American Planning Association Designates Decatur’s Downtown a Top 10 Great Neighborhood for 2013

Photo: visitdecaturga.com

Noted For Revitalization, Walkability, Enduring Commitment

The American Planning Association (APA)  announced the designation of downtown Decatur as one of 10 Great Neighborhoods for 2013. Each year during National Community Planning Month APA’s Great Places in America program names 30 exemplary neighborhoods, streets and public spaces to highlight the role planning and planners play in adding value to communities, including fostering economic growth and jobs.

APA singled out downtown Decatur for the neighborhood’s emphasis on sustainability, transportation alternatives and mixed uses; community engagement and long-term commitment to downtown revitalization; and measures to protect neighborhood character, such as building height limits so as to not compromise the downtown skyline.

“Our downtown neighborhood, built around a traditional courthouse square, is the heart and soul of Decatur and continues to evolve into a thriving, mixed-use center that is walkable, safe and inviting for people of all ages,” said Mayor Jim Baskett. “We are honored to be recognized by the American Planning Association as a Great American Neighborhood,” he added.

“Downtown Decatur is a longtime proponent of sustainable practices considering the first trolley line to operate between Decatur and Atlanta dates back to the 1840s,” said APA Chief Executive Officer Paul Farmer, FAICP. “Through its plans and revitalization efforts, downtown Decatur is managing change so the neighborhood is attractive to people of all ages, from new professionals to families with children to retirees,” he added.

Guiding downtown Decatur’s redevelopment was the 1982 Decatur Town Center Plan, which came out of a citizen-based advisory board. Among the plan’s recommendations: renovating the MARTA station and implementing various smart
growth measures including adding more downtown housing and making the area more pedestrian friendly.
To improve the MARTA station and enhance the surrounding streetscape, the city made improvements valued at more than $10 million during the past 25 years. The station – which connects Decatur to Atlanta and lies beneath Old Courthouse Square, the neighborhood’s living room – had been an aesthetic concern since opening in 1979.

To enhance downtown for pedestrians, lane widths for downtown streets were reduced; sidewalks were widened; more than 400 street trees were planted; and public art and upgraded street furnishings were added. Also, new public parking located behind buildings encouraged visitors to “park once” and then walk where they need to go. The city also added dedicated bicycle lanes throughout downtown, doubled the number of bike racks, and made Zipcars and scooter parking available.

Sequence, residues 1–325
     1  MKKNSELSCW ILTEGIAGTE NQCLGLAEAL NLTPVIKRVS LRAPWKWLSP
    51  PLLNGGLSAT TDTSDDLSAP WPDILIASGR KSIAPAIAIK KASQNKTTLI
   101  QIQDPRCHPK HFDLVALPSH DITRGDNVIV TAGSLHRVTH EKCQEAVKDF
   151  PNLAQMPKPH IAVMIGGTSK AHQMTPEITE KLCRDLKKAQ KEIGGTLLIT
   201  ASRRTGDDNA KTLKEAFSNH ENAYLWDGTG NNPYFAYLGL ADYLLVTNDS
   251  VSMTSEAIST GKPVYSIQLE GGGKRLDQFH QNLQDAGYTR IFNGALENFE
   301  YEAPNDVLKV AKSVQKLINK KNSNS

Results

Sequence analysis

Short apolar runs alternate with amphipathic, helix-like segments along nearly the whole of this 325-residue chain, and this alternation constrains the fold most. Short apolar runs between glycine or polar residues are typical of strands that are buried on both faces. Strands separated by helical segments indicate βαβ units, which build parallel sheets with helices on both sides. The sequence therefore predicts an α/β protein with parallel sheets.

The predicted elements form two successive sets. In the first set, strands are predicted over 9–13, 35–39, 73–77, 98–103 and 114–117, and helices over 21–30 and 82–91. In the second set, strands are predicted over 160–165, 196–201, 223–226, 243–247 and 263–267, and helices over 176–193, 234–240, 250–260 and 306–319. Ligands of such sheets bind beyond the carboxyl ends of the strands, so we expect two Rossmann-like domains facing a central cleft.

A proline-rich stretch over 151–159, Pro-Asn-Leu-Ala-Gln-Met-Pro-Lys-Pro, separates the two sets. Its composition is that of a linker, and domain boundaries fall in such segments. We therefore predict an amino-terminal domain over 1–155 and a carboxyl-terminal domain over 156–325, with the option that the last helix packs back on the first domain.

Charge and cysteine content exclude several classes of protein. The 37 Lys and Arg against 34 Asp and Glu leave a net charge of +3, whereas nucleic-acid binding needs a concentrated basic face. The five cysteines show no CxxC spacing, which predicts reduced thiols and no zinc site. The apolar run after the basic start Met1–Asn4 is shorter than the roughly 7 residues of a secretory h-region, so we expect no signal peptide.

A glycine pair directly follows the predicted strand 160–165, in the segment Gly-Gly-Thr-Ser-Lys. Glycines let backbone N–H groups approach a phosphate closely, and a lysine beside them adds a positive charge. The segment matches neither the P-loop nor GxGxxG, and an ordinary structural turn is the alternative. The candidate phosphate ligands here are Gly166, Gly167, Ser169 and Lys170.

APA’s Great Neighborhoods, Great Streets and Great Public Spaces feature unique and authentic characteristics that have evolved from years of thoughtful and deliberate planning by residents, community leaders and planners. The 2013 Great Places have many things Americans say are important to their “ideal community” including locally owned businesses, transit, neighborhood parks, and sidewalks. They illustrate how the foresight of planning fosters communities of lasting value.

The nine other APA 2013 Great Neighborhoods are: Historic Licking Riverside Neighborhood, Covington, KY; West Freemason, Norfolk, VA; Downtown Norwich, Norwich, CT; Williamson-Marquette Neighborhood, Madison, WI; Chinatown, San Francisco, CA; Downtown Mason City, Mason City, IA; Kenwood, Minneapolis, MN; Central Street Neighborhood, Evanston, IL; Beaufort Historic District, Beaufort, SC. 

For more information about these neighborhoods, as well as APA’s top 10 Great Streets and top 10 Great Public Spaces for 2013 and previous years, visit www.planning.org/greatplaces. For more about National Community Planning Month taking place throughout October visit www.planning.org/ncpm.

The American Planning Association is an independent, not-for-profit educational organization that provides leadership in the development of vital communities. APA and its professional institute, the American Institute of Certified Planners, are dedicated to advancing the art, science and profession of good planning -- physical, economic and social -- so as to create communities that offer better choices for where and how people work and live. Members of APA help create communities of lasting value and encourage civic leaders, business interests and citizens to play a meaningful role in creating communities that enrich people's lives. APA has offices in Washington, D.C., and Chicago, Ill. For more information, visit www.planning.org.

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